Giorgia Meloni's tightrope walk: Can Italy's PM leverage her influence in the post-election power struggle?

The Italian prime minister has long been considered the likely kingmaker in the post-election scramble to determine the EU’s top jobs, a result of the growing influence of her Brothers of Italy party within the European Conservatives and Reformists group.
Italian Prime Minister Giorgia Meloni in Rome on 24 June.

By Gabriele Rosana

Gabriele Rosana is a Brussels-based journalist and policy analyst writing about EU affairs

25 Jun 2024

He who enters the conclave as pope exits as a cardinal. 

Or so the popular Italian saying goes. The phrase refers to the slim chances of a favoured candidate actually securing a top job.  

The maxim has been used to refer to European Commission President Ursula von der Leyen and her bid to stay on for a second term at the helm of the European Union’s executive body. But in the aftermath of the European Parliament elections in early June, the saying could also be applied to another prominent player in the EU: Italian Prime Minister Giorgia Meloni.  

Meloni has long been considered the likely kingmaker – or, in this case, queenmaker – in the post-election scramble to determine the EU’s top jobs. This is largely due to the growing influence of her Brothers of Italy party within the right-wing European Conservatives and Reformists group (ECR) in the European Parliament. Meloni has chaired its political arm since 2020. 

As of late June, the ECR was projected to have gained at least 14 seats in Parliament, bringing its total to 83. This would make it the third-largest parliamentary political group, behind the centre-left Socialists & Democrats (S&D) and the leading centre-right European People’s Party (EPP), and outflanking the centrist Renew Europe group. But will this be enough for Meloni to claim the tie-breaker role she had been hoping for in the new Parliament?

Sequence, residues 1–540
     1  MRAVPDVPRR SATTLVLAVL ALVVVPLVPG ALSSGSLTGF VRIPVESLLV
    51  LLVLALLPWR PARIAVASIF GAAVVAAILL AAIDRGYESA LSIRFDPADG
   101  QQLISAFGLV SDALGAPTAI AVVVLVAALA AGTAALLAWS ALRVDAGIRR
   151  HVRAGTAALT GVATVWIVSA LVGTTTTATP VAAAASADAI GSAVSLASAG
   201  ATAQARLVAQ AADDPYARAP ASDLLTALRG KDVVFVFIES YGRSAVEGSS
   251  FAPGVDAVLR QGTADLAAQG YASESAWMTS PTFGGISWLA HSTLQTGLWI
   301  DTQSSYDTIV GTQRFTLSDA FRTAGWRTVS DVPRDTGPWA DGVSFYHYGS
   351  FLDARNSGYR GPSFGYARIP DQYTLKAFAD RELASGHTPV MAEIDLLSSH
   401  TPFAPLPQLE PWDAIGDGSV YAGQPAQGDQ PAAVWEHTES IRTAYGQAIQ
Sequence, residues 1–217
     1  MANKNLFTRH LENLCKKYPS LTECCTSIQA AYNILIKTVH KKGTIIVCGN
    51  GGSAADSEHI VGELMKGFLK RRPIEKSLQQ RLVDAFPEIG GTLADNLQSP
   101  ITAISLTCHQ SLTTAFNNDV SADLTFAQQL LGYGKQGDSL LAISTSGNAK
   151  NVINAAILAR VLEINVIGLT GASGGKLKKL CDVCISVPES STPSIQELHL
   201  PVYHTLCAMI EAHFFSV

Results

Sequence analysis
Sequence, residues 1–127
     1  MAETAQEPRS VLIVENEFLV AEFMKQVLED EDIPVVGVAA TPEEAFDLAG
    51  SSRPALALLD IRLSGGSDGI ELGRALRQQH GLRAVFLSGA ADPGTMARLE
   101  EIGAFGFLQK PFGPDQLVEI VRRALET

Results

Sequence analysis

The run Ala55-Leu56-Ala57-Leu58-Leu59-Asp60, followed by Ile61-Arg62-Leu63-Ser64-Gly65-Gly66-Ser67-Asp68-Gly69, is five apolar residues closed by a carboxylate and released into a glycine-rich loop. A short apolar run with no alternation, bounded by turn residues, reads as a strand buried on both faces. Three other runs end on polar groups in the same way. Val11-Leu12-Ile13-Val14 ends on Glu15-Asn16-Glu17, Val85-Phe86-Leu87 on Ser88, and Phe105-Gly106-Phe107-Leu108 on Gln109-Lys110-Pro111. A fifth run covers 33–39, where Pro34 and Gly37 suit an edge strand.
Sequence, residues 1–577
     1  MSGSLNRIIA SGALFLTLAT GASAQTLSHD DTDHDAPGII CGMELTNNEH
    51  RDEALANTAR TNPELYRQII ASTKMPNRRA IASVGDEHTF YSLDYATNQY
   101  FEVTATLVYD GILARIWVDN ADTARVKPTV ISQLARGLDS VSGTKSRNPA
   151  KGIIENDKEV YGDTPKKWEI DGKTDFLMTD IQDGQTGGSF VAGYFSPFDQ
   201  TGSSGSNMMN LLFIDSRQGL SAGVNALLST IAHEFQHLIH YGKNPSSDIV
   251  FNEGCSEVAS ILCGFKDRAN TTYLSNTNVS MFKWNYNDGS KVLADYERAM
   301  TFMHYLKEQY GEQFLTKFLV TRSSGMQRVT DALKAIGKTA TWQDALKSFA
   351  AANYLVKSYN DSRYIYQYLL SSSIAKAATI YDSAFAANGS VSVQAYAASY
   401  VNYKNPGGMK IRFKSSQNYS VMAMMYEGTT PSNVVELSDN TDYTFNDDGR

Despite predictions of a landslide victory for far-right parties, the centrist majority traditionally made up of the EPP, S&D and Renew held its ground, with a comfortable majority of around 40 seats. The EPP gained 13 additional seats, mostly counterbalancing the substantial loss of nearly 30 seats taken by the liberal Renew.  

That means that Von der Leyen, the EPP’s lead candidate, likely won’t need to shore up support from ECR to secure a second mandate, and it’s widely expected that the European Council will anoint Von der Leyen when it convenes in late June. But the appointment must then be confirmed by an absolute majority in the European Parliament by secret ballot – at least 361 votes out of 720 – in a vote expected during the first plenary session of the new term in mid-July.  

At the time of writing, Von der Leyen can count on just short of 400 votes in total from the EPP, S&D and Renew Europe. However, she is likely to look to bolster her chances by seeking support from political groups outside her traditional centrist base, a prudent measure to shield a candidate from rebels within her own ranks. Meloni has long been seen as the main source of such support – albeit at a high price. 

Meloni’s middle ground 

In recent months, Von der Leyen has been tactically courting Meloni, crediting the prime minister for being “pro-EU, pro-Ukraine and pro-rule of law” – three pillars the Commission president has said are prerequisites for forming political alliances.